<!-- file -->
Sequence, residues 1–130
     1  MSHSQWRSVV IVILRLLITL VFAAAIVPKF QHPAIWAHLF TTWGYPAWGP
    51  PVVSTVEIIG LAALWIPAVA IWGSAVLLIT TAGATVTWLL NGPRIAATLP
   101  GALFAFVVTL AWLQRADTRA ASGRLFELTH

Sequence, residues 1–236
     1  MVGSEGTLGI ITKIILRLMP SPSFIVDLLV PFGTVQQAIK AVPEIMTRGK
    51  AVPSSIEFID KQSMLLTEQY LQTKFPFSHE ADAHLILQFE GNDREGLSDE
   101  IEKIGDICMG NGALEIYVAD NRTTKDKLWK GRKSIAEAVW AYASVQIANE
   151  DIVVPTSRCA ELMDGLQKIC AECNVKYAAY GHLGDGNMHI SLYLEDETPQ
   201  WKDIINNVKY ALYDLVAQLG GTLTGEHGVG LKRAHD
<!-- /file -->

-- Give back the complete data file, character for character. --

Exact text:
Sequence, residues 1–130
     1  MSHSQWRSVV IVILRLLITL VFAAAIVPKF QHPAIWAHLF TTWGYPAWGP
    51  PVVSTVEIIG LAALWIPAVA IWGSAVLLIT TAGATVTWLL NGPRIAATLP
   101  GALFAFVVTL AWLQRADTRA ASGRLFELTH

Sequence, residues 1–236
     1  MVGSEGTLGI ITKIILRLMP SPSFIVDLLV PFGTVQQAIK AVPEIMTRGK
    51  AVPSSIEFID KQSMLLTEQY LQTKFPFSHE ADAHLILQFE GNDREGLSDE
   101  IEKIGDICMG NGALEIYVAD NRTTKDKLWK GRKSIAEAVW AYASVQIANE
   151  DIVVPTSRCA ELMDGLQKIC AECNVKYAAY GHLGDGNMHI SLYLEDETPQ
   201  WKDIINNVKY ALYDLVAQLG GTLTGEHGVG LKRAHD